Follow the artists of Kapu Collective as they create paintings on natural surfaces like icebergs or forest trees, and let their works melt or be washed away by natural forces to demonstrate the urgency of climate change.
I grew up on Oahu-- the east side of Oahu-- it's called Kahaluu. And I kind of just
grew up a typical Hawaii boy. Me and my brother spent a lot of time, you know
just in the ocean surfing and kind of just soaking up everything Hawaii had to
offer even though to us it was the normal normal kind of life.
Today I'm out in the forest again. This is actually the same forest that I did
another piece in, and the other piece finally faded so I had a new idea to
kind of spin off the same perspective.
I used biodegradable chalk for this piece so it doesn't harm the environment.
I would say 80 percent of my murals that are. Especially anything done out in nature
has to be, you know, eco-friendly, biodegradable.
The whole area was devastated with wildfires and so that's what really drew me in the first time.
It must have been like five or six hours of just searching
in this area, and this spot had just opened up on the trail and just this
perfect line of trees that couldn't have fit any better and so I thought of this
perspective piece where you can only see the full image once you're in one exact spot.
In Hawaii we have another word called "kuleana" and that's kind of your
role or responsibility in society. And I always felt my kuleana was to attach
this message to my art and not just kind of express my art just with these
figures and in nature but also just, you know, have much more depth to it.
So I just got out here to the desert, drove as far out as I could with my truck and I'm
gonna try to hike the rest of the way and see what I can find to paint.
just mentally for me to have to go from the fine art world where you're taught
you know how to make everything last forever
and then to realize that it's impossible out in nature. And once I got used to the
impermanence of things I was able to actually --it almost for me, it added
another layer to the message of my murals.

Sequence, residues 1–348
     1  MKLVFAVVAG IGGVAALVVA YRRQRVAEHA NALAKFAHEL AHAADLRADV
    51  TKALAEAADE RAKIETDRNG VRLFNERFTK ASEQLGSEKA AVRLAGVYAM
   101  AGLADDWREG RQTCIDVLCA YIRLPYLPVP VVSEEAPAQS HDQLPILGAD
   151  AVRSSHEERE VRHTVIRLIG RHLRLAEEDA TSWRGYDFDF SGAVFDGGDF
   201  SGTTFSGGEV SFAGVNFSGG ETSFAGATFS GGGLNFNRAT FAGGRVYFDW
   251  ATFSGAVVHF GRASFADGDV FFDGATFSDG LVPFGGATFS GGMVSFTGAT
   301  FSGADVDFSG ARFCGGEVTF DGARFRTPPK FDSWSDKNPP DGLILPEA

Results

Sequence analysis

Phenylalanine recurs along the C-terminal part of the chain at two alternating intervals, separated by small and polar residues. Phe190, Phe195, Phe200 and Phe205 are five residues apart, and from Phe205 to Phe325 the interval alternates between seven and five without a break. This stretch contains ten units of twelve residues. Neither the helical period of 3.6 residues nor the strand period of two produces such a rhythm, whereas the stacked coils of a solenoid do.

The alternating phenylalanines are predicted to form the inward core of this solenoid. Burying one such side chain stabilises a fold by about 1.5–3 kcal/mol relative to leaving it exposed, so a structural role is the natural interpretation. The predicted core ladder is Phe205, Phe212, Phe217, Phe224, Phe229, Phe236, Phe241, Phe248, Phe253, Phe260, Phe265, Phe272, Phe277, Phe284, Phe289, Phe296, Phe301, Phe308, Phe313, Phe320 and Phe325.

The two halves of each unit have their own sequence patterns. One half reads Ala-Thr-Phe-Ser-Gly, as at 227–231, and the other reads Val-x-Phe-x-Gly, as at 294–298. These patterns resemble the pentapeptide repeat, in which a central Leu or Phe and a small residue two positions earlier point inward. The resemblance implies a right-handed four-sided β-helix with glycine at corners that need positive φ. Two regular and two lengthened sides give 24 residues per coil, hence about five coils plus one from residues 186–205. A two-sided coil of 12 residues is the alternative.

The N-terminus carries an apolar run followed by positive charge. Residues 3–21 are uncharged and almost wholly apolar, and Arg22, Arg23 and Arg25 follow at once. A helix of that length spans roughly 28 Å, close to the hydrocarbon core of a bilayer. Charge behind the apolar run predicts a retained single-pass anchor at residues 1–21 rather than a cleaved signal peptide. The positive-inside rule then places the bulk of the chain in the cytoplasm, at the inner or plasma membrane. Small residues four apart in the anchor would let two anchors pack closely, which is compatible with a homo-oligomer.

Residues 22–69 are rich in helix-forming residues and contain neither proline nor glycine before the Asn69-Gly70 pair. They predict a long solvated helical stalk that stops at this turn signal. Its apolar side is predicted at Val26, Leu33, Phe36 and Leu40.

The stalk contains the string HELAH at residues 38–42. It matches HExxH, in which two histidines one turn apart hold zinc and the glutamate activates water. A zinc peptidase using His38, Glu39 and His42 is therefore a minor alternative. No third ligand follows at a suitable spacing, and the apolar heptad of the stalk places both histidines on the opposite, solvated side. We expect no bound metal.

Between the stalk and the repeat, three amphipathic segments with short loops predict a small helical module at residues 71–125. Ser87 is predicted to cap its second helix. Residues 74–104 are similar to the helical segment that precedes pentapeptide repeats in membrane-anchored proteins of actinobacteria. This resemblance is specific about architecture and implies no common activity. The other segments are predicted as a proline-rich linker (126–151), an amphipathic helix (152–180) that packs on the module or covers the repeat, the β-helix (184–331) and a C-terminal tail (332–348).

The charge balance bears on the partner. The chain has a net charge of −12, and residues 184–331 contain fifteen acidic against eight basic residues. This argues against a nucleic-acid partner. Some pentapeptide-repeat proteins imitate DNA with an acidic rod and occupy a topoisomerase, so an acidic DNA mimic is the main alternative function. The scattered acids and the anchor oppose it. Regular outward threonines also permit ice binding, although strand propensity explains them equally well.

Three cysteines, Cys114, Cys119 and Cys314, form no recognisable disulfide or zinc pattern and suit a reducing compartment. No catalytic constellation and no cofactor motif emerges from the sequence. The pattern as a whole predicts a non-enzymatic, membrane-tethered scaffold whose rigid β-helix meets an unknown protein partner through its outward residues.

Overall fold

So we're a couple days in on the painting. We got the sketch done and they're
starting to block in the face.
Having all the right elements in place once I finished it, and then being able to
translate it into photo and video and then know that it was only for this
brief moment that we were able to see the final piece and then it's never
gonna be the same again because it usually fades.
The always unifying inspiration that I always draw towards is I think just
always looking to find new perspectives in how my relationship is with nature.
There's so many changes happening that I need to speak on. To kind of go back to
the fine art world where I would just be creating to create because I love art it
wouldn't drive me as much because there really is no urgency to create art for
me personally, and I think it's all about just kind of finding what else I'm
passionate about and having a voice.
for my generation the generations to come, it's gonna be the most impactful
thing that will influence every life. It's just urgent in my head because
there's no greater issue to speak on.
People just find their own relationship to nature changes slightly.
And that's what I will always hope for --a kind of overlying message
of just --again-- just just this kuleana, this responsibility
to do our part in society. That could be just the one message in
all my murals that people would take away I think I'm always striving for
that same unity.